> a first-class store that are no longer referenced will nevertheless not
> be garbage-collected until the store itself is garbage-collected.  What
> we need is a way to tell the garbage collector that the store reference
> and the cell reference are both needed to access the data so the data
> can be garbage-collected as soon as *either* the store reference *or
> the cell reference* is.  (Analogy from the capabilities literature:
> the key and the lock are both needed to open the door so the door can
> be garbage-collected as soon as either the key or the lock is.)  Any
> thoughts on how to achieve that?
>

Here's a weak cell which is a candidate for GC as soon as either the
cell or the key is lost:

http://hpaste.org/44280/weak_ref_needing_both_halves

The implementation is GHC specific, as far as I know.

I don't know if it's exactly what you're looking for, but the idea
could be adapted towards some other purpose.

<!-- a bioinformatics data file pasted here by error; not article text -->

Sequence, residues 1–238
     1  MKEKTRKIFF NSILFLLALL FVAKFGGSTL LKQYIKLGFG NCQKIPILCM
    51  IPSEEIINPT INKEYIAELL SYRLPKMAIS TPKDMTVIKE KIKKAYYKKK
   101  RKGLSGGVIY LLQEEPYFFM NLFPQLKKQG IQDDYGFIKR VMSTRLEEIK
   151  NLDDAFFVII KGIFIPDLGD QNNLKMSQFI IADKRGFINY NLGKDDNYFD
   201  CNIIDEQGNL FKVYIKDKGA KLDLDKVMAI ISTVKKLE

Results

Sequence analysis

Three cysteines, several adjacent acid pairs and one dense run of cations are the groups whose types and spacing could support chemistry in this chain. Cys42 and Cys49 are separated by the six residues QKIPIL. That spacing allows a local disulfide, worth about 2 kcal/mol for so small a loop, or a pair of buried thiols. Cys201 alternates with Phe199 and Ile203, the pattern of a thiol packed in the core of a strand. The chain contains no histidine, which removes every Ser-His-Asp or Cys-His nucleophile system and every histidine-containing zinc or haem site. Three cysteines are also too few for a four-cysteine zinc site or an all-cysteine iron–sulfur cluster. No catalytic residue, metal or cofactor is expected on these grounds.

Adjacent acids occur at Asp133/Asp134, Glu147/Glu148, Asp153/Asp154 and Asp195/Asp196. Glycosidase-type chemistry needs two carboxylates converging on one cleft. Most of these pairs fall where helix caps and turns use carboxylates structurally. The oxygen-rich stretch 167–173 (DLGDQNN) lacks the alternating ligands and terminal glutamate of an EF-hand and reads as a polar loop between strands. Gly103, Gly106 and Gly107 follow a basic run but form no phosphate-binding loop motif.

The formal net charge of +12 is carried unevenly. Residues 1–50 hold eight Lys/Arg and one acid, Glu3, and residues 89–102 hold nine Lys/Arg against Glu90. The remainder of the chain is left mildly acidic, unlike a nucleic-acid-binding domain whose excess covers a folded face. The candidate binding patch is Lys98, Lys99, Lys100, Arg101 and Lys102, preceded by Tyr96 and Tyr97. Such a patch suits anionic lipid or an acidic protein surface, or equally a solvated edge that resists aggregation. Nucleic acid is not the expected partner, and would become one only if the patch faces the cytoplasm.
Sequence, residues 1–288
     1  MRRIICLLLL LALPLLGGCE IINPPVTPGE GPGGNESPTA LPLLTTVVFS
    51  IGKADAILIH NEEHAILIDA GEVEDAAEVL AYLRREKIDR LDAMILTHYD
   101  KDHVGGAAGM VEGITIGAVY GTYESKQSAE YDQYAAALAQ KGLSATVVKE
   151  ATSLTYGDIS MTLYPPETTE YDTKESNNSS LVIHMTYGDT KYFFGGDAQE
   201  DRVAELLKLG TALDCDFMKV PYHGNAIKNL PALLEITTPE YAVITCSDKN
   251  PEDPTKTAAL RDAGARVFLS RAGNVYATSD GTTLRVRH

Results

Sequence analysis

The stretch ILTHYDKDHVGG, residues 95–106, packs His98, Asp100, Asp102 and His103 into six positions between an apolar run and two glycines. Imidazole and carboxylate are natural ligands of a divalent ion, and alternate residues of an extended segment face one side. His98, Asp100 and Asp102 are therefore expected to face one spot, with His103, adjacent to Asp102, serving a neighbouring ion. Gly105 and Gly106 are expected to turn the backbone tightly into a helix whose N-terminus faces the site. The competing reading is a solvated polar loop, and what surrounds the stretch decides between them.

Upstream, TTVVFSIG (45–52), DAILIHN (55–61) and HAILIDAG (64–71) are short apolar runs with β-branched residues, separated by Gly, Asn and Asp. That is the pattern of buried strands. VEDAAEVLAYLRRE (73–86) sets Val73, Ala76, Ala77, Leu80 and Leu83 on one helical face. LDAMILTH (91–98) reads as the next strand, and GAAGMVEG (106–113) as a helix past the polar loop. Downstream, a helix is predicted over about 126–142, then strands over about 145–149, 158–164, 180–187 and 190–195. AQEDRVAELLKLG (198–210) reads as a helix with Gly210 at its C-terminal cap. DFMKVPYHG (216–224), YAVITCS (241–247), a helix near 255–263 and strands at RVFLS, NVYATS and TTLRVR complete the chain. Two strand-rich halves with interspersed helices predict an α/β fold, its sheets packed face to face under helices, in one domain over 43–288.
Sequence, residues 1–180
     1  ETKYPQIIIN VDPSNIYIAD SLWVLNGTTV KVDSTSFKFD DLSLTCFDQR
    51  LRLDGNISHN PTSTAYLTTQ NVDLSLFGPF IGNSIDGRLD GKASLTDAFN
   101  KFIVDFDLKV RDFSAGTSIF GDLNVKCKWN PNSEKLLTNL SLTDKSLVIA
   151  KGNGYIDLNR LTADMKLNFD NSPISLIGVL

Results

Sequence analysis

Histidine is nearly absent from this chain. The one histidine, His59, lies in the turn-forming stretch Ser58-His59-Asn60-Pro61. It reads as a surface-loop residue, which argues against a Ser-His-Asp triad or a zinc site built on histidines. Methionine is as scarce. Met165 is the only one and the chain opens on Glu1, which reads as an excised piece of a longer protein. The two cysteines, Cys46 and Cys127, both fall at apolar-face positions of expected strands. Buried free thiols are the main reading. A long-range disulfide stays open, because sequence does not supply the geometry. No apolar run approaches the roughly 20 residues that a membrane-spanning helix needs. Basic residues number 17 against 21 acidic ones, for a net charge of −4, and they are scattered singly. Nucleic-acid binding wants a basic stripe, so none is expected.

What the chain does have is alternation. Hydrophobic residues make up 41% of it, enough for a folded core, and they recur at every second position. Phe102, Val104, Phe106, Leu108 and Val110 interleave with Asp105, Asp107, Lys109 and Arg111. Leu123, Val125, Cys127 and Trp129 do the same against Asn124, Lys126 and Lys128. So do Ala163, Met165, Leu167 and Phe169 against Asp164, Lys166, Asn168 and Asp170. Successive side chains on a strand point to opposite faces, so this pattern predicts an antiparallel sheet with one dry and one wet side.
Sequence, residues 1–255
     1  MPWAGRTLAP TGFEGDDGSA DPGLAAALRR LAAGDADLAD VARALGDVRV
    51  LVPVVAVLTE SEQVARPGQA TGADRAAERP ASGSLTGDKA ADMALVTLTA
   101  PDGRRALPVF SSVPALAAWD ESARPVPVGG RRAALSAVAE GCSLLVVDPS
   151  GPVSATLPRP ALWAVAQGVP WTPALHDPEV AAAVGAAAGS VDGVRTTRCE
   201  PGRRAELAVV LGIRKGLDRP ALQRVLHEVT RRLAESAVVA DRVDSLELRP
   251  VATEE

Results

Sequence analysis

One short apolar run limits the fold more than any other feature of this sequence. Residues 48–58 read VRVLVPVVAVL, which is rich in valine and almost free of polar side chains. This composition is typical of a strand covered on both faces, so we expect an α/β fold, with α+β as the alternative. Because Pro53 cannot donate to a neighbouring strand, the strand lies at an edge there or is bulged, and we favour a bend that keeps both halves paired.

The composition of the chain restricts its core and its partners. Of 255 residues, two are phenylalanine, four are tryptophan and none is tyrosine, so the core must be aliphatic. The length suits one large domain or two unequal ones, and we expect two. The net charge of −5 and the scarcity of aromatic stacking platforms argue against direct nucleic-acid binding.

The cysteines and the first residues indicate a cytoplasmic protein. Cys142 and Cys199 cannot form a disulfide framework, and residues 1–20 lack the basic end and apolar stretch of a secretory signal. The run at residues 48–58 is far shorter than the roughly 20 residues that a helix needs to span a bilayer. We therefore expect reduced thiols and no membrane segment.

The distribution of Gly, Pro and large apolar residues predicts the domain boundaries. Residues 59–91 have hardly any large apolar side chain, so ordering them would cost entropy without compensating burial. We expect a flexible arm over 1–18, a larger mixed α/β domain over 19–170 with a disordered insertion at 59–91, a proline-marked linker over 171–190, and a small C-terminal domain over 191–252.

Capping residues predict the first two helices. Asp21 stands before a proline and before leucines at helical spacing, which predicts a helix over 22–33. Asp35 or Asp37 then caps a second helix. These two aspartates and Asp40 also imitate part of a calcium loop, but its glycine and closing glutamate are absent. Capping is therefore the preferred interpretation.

Antoine

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Re: HANSEI in Haskell?

Chung-chieh Shan
On 2011-02-24T16:20:46-0600, Antoine Latter wrote:

> On Thu, Feb 24, 2011 at 12:57 PM, Chung-chieh Shan wrote:
> > What
> > we need is a way to tell the garbage collector that the store reference
> > and the cell reference are both needed to access the data so the data
> > can be garbage-collected as soon as *either* the store reference *or
> > the cell reference* is.  (Analogy from the capabilities literature:
> > the key and the lock are both needed to open the door so the door can
> > be garbage-collected as soon as either the key or the lock is.)  Any
> > thoughts on how to achieve that?
>
> Here's a weak cell which is a candidate for GC as soon as either the
> cell or the key is lost:
> http://hpaste.org/44280/weak_ref_needing_both_halves

That's promising!  The lock I have in mind would probably be a map from